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Editorial: Cutting Expenses for Economic Prosperity

P.M. Shehbaz Sharif’s stated aim to reduce government expenditures is laudable but easier said than done

by Editorial

File photo of P.M. Shehbaz Sharif, courtesy PMLN

Almost immediately after assuming charge, Prime Minister Shehbaz Sharif sought proposals for reducing government expenditures and overhauling the country’s economic structure. It is undeniable this is necessary amidst the prevailing economic crunch, but is far easier said than done, as vested interests will resist surgically removing entrenched comforts they have become accustomed to. In a meeting with officials concerned, Sharif also directed the adoption of digitization for the Federal Board of Revenue (FBR) “to ensure transparency in its system, increase tax collection, halt tax evasion, corruption and smuggling, and also to bring convenience to the general public and the business community.” The prime minister has also reiterated calls for austerity, asking ministers and advisers to fly economy class and forgo luxury cars and salaries to save $766 million a year. Again, this is easier said than done.

Sharif’s vow to prioritize the economy is laudable as the country continues to struggle with maintaining foreign exchange reserves, but in light of past precedent it is difficult to imagine how his proposed cuts would be fulfilled—and what impact they’ll have on the common man. While inflation declined in February to 23.1% on a year-on-year basis, it remains far beyond sustainability for the general public, which has seen ever-larger numbers slide into poverty.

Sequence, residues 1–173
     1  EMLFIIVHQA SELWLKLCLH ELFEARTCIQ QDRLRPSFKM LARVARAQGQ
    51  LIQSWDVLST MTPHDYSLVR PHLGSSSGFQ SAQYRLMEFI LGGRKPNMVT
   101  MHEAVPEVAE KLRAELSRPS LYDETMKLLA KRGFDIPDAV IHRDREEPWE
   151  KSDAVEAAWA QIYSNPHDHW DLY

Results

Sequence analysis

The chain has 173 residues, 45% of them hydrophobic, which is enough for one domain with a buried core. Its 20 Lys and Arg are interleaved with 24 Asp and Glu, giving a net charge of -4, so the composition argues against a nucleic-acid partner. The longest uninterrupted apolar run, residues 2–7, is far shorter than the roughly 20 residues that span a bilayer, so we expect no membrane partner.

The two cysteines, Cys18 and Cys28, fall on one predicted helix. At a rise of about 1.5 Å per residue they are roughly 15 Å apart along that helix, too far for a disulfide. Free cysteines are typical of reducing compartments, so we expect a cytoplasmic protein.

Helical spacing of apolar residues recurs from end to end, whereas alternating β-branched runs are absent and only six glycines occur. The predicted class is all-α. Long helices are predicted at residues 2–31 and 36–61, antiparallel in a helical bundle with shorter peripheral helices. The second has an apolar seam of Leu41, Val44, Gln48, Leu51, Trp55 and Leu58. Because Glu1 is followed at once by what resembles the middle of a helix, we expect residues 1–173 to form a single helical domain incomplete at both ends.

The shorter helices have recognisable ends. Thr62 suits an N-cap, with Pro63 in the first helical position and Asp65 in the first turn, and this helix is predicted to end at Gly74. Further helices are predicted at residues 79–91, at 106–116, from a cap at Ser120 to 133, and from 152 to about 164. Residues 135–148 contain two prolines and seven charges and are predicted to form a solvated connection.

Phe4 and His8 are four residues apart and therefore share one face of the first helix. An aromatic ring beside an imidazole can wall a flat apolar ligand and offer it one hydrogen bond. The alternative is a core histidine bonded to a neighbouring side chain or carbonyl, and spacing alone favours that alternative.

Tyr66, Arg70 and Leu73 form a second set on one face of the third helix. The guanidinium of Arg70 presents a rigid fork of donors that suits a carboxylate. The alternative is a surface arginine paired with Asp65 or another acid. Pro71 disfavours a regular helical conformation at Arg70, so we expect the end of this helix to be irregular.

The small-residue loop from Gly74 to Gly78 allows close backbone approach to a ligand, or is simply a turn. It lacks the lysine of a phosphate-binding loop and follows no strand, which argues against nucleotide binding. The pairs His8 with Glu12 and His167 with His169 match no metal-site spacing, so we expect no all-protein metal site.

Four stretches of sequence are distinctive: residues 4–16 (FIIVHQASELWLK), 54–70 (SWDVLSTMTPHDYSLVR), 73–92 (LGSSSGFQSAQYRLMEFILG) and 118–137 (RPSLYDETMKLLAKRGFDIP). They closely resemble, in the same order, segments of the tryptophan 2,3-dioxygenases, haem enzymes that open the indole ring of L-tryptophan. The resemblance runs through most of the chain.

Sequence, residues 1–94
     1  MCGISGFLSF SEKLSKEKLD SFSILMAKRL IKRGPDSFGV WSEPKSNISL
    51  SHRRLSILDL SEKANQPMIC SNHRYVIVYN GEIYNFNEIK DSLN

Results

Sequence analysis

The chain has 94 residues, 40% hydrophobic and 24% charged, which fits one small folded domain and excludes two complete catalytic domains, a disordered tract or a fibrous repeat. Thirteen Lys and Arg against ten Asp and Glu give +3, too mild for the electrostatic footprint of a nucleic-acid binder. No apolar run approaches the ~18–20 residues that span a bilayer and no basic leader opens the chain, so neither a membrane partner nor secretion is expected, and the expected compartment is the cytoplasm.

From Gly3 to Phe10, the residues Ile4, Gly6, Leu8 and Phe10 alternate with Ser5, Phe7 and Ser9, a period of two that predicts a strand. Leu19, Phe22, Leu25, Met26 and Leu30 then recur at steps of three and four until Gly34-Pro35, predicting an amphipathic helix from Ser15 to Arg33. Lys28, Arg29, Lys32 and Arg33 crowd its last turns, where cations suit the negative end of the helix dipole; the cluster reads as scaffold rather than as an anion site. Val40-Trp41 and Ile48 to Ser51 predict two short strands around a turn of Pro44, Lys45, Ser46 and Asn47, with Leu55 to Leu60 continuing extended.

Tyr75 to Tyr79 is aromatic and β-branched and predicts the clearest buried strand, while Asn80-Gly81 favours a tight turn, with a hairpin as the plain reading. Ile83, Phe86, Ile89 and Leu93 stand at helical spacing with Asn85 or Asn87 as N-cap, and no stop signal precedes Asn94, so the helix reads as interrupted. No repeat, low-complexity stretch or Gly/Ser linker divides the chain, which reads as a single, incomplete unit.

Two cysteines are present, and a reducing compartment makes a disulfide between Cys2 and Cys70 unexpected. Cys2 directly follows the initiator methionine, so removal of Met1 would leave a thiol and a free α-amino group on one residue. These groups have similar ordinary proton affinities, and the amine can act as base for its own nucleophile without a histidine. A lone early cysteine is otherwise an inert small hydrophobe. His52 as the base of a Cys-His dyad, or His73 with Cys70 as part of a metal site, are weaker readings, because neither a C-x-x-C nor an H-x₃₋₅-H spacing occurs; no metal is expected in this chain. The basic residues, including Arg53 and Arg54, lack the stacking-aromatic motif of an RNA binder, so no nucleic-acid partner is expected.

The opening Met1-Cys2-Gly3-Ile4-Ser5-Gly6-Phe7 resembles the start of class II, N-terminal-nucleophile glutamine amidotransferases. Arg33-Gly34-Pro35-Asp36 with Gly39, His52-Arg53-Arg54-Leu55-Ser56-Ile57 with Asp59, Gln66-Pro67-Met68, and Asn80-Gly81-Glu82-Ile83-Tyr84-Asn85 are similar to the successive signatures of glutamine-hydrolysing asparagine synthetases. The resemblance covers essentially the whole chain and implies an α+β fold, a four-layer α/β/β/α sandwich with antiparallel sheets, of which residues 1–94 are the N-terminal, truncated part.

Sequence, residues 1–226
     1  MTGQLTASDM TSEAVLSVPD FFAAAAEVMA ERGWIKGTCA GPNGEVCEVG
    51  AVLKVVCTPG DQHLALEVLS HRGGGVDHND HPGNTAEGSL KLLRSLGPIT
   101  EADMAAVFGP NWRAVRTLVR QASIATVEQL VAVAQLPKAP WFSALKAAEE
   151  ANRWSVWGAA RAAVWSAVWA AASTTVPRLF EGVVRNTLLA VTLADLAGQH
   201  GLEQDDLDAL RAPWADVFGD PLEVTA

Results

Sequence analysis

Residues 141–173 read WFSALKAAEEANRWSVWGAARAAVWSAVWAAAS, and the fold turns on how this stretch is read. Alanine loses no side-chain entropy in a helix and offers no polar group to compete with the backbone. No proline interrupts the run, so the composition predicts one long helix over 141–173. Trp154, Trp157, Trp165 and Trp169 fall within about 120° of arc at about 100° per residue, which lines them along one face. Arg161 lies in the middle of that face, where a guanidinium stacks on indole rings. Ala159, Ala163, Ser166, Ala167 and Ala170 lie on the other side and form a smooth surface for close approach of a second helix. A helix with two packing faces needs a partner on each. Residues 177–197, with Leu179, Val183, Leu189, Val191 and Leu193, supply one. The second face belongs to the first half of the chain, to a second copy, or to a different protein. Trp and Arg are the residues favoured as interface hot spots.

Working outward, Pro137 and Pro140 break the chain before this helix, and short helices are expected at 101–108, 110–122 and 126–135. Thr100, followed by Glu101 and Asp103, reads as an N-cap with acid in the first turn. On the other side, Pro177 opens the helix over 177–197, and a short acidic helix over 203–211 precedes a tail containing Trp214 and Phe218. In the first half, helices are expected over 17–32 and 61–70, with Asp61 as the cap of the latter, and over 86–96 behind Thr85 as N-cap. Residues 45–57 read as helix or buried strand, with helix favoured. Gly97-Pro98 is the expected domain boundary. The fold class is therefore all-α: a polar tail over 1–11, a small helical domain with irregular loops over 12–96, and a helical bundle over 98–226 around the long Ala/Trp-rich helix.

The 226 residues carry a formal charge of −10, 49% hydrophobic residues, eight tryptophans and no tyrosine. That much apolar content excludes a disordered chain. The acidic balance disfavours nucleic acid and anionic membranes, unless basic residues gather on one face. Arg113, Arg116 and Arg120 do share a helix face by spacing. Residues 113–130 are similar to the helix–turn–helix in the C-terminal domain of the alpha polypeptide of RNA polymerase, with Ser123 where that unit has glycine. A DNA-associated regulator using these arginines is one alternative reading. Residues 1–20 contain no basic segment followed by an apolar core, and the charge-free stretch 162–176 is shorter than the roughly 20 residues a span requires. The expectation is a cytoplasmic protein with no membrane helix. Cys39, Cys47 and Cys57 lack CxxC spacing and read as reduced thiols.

The incoming government appears to be aware of this, with Punjab Chief Minister Maryam Nawaz acknowledging in her speech that even households earning up to Rs. 60,000/month were now struggling to make ends meet. The most visible impact of declining purchasing power has been a drop in savings and investment, as people tighten their belts. One economist has proposed 10 ways people can reduce their expenditures: (1) Prefer discounted groceries; (2) Reduce utility bills by conserving electricity; (3) Consider public transportation over private vehicles to cut fuel costs; (4) Explore free or low-cost entertainment options; (5) Limit dining out; (6) Optimize mobile and internet plans; (7) Cut monthly subscriptions; (8) Undertake minor repairs and maintenance tasks personally; (9) Reconsider risky investments and insurance policies; (10) Prioritize essential expenses over non-essentials. Easier said than done?

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